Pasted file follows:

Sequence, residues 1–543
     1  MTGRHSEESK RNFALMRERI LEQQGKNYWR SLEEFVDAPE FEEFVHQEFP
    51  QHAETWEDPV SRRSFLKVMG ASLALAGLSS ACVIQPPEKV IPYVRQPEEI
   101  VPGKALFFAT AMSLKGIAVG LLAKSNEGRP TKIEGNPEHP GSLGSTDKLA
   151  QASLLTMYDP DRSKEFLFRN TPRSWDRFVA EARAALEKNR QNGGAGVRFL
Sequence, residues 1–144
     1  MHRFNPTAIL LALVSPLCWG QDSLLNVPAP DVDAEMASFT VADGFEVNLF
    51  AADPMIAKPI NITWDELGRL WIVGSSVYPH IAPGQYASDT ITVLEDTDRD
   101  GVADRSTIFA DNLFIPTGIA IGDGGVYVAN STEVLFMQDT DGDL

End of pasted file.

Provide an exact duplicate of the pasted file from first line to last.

Sequence, residues 1–543
     1  MTGRHSEESK RNFALMRERI LEQQGKNYWR SLEEFVDAPE FEEFVHQEFP
    51  QHAETWEDPV SRRSFLKVMG ASLALAGLSS ACVIQPPEKV IPYVRQPEEI
   101  VPGKALFFAT AMSLKGIAVG LLAKSNEGRP TKIEGNPEHP GSLGSTDKLA
   151  QASLLTMYDP DRSKEFLFRN TPRSWDRFVA EARAALEKNR QNGGAGVRFL
Sequence, residues 1–144
     1  MHRFNPTAIL LALVSPLCWG QDSLLNVPAP DVDAEMASFT VADGFEVNLF
    51  AADPMIAKPI NITWDELGRL WIVGSSVYPH IAPGQYASDT ITVLEDTDRD
   101  GVADRSTIFA DNLFIPTGIA IGDGGVYVAN STEVLFMQDT DGDL